Ruby on Rails is an excellent choice for anyone looking for a high-quality, highly popular back-end web development framework. By now, the RoR framework has developed into a powerful technology with a number of benefits, including its speed of deployment, pre-built modules and plugins, and user-friendly community.
If you want to build an enterprise-strength, outward-facing website with RoR, however, you need a way to provide support to your customers. By making the right choices in terms of customer service, you’ll both keep your existing users happier and turn more people from prospects into loyal converts.
From live chat to help desk systems, there are a number of ways that companies can organize support for their Ruby on Rails web applications. Here’s a look at six of your most popular options.
Live chat is an essential part of any business website that serves clients in many different locations. According to Ubisend’s 2016 Mobile Messaging Report, 51 percent of customers want businesses to be able to respond to them 24 hours a day, 7 days a week. What’s more, Zendesk’s 2015 Benchmark report found that live chat results in the most satisfied customers (92 percent of them), beating other channels such as email, phone, and social media.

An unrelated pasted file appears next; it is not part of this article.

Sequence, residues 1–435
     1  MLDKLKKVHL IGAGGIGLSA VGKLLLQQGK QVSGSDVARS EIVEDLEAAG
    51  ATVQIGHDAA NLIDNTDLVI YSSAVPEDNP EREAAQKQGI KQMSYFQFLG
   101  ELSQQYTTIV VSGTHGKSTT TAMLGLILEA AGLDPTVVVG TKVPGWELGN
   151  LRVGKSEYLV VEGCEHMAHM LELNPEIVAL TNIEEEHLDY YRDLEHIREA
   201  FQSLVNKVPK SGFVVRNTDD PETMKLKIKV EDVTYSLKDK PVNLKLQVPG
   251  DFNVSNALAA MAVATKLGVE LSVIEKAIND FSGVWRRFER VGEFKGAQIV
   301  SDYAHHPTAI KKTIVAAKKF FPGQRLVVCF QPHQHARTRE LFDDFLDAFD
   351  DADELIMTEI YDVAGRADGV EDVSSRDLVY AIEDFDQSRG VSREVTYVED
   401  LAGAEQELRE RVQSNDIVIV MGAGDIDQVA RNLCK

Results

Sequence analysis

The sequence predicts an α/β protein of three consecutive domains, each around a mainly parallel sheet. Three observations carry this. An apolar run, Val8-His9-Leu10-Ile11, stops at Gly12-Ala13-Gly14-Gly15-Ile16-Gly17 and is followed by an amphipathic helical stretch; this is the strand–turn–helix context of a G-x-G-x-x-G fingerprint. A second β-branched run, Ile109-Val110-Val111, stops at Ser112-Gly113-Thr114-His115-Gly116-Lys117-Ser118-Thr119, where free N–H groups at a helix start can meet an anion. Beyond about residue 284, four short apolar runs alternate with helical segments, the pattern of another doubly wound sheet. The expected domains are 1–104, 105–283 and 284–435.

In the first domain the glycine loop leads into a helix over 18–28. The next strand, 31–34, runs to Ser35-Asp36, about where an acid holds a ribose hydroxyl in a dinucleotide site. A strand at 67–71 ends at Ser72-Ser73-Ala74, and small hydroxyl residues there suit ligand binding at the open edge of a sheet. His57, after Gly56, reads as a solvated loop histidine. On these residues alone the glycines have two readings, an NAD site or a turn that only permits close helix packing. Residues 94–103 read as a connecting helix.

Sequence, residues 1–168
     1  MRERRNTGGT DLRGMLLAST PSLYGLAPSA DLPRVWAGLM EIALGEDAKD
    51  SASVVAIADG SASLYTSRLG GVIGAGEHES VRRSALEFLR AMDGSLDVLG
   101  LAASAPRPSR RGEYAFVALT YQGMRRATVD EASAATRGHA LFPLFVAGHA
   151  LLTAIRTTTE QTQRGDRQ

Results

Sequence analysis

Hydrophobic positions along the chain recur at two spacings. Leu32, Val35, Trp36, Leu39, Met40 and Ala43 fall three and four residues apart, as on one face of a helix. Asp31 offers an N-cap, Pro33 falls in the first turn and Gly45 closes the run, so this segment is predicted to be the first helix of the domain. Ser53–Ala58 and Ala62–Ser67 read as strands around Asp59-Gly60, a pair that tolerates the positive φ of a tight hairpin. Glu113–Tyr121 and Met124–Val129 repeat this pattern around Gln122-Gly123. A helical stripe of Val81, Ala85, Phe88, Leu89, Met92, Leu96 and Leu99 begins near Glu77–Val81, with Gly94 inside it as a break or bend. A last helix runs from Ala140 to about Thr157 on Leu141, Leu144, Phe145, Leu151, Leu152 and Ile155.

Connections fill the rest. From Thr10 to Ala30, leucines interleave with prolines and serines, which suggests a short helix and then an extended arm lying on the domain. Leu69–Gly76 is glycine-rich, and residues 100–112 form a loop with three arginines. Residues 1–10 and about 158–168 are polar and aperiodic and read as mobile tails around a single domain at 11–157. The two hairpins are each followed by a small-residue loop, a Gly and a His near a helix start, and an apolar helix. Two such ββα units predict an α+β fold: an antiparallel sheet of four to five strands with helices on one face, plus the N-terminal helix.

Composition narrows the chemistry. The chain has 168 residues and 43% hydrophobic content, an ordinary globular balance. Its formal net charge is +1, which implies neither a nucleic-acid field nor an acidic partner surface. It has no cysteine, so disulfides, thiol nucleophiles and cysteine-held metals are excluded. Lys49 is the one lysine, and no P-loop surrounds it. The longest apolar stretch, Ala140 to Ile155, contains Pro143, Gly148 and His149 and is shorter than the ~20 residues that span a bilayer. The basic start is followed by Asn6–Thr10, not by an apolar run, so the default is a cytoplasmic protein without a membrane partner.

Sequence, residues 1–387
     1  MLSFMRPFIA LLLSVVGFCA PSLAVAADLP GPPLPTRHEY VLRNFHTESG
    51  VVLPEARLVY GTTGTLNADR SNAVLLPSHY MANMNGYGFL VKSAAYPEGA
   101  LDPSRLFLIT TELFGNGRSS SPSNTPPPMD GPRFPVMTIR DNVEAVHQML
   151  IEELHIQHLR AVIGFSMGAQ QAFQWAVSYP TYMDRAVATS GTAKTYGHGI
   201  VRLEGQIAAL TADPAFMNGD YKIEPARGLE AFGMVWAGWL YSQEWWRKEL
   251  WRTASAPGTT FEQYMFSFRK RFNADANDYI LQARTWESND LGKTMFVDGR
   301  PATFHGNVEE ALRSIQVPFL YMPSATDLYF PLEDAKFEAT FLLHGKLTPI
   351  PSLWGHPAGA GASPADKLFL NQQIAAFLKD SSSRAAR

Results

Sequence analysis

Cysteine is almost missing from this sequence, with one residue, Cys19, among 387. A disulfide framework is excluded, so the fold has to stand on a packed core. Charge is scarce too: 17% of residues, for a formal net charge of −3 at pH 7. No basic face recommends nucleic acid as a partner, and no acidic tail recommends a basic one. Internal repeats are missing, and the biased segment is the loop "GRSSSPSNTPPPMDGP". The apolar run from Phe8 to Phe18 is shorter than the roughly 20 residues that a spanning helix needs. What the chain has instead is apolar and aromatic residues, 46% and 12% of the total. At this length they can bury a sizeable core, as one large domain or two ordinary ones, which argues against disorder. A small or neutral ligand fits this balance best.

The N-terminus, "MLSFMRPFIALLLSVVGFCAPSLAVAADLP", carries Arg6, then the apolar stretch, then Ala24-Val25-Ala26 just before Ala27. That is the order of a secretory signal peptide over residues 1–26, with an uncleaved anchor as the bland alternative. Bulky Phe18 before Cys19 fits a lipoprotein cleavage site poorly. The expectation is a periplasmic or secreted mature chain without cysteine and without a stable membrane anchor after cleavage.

Thanks to Ruby on Rails’ strong user community, there are several accessible online tutorials for building RoR live chat applications. Three of them, from SitePoint, Nexmo, and Heroku, make use of the new Action Cable feature in Rails 5, which allows you to communicate in real time over WebSockets. Another tutorial from The Great Code Adventure development blog uses Faye, an RoR server for asynchronous publishing and subscription that routes messages between clients.